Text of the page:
In what is being described as a landmark case, a gay couple have just been awarded £3,600 damages because a family-run small hotel refused to allow them to share a double bed. The hotel owners are devout Christians and claim they won’t have couples who aren’t married bed-sharing under their roof, since it is against their religious beliefs. They state this on their website (though not very prominently) and claim that the couple’s original telephone booking didn’t specify that they were of the same gender. (Incidentally, the gay couple are married by civil partnership).
Christian activists have turned out in force to defend the hotel owners, alleging that the whole thing was set up by gay rights groups, because Stonewall had sent them a letter before the incident pointing out that they were acting illegally. Press coverage has been pretty polarised, with papers like the Daily Mail going out of their way to take the hotel’s side, while unsurprisingly the more liberal Guardian takes a different view.
Often, the comments made on such articles are more revealing than the articles themselves. I found one of the most unpleasant responses was that the gay couple shouldn’t have tried to book into a hotel that was described on its website as suitable for families. A hotel that happens to be near a nice beach and has a high chair in the dining room is, arguably, suitable for families. Are gay people supposed to go out of their way to avoid staying in any place where children might be scarred for life by seeing two blokes or women come down to breakfast together? If they don’t do this and trouble ensues are they, like a woman in a short skirt who gets raped on the way home, asking for it? The mind boggles.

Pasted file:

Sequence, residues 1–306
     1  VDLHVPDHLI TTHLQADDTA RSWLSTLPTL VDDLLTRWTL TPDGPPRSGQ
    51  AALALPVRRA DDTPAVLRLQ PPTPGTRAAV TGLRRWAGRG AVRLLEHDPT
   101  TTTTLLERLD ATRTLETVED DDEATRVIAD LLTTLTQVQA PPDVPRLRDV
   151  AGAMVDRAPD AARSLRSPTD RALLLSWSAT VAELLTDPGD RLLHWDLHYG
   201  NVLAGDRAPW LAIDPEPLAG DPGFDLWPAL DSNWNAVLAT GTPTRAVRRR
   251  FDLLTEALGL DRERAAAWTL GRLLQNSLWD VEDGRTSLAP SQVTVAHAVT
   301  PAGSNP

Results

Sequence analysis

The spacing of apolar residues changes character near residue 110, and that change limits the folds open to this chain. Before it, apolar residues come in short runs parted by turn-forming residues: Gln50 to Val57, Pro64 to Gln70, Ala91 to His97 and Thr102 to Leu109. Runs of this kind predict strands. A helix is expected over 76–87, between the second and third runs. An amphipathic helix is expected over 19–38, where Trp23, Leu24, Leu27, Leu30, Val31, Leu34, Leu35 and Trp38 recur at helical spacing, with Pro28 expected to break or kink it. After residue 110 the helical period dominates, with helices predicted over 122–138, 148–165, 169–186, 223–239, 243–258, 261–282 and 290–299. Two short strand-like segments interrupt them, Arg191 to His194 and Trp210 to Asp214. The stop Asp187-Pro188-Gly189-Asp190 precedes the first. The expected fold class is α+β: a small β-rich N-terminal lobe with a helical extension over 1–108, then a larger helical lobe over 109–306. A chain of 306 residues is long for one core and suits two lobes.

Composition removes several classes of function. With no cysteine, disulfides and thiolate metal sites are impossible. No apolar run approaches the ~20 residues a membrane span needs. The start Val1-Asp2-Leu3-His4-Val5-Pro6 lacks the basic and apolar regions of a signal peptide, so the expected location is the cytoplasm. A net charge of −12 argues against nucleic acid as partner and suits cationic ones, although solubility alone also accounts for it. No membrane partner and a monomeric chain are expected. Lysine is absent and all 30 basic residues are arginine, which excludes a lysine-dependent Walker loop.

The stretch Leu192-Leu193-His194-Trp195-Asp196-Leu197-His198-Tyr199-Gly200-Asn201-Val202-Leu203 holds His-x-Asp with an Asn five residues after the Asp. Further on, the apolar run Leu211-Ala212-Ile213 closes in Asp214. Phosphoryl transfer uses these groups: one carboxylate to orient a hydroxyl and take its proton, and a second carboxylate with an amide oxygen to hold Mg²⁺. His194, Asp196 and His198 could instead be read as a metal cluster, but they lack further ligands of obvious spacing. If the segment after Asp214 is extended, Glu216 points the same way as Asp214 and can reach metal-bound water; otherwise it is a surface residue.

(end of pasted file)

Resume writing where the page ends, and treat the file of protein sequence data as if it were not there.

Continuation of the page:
I was an evangelical Christian for most of my adult life, and the most awkward thing about travelling with the man who is now my husband, but wasn’t back then, was that the number of small, reasonably-priced hotels in rural areas that can offer you two comfortable single rooms is more or less zero. Hoteliers understandably detest single rooms; almost as much work as a double with much less profit. If they have them at all, they will probably be in a broom cupboard under the eaves. That, rather than any uncontrollable perversion, was what finally got me to compromise on my Biblical principles.
Now the hotel in question has only one single room and charges a single occupancy supplement. That’s standard practice in the industry, unlike their moral stipulations. But one of the reasons I left evangelical Christianity was that I was sick of clergy, with safe jobs and tied accommodation, telling hard-pressed young families and single people to "give till it hurts" and trust God to sort out details like mortgage payments. I have very little respect for these hoteliers. But I might, just might, have slightly more if they were prepared to stick their money where their mouths are and offer at least two well-appointed singles at a reasonable price, and advertise them in the Christian press for those guests who struggle with this particular issue.
And, if anyone reading this from outside the UK has a moment to spare, I’d be interested to know how this case would have panned out in their corner of the world.
Finally, if you’re ever visiting Cardiff, I strongly recommend Ty Rosa – even though I’m straight!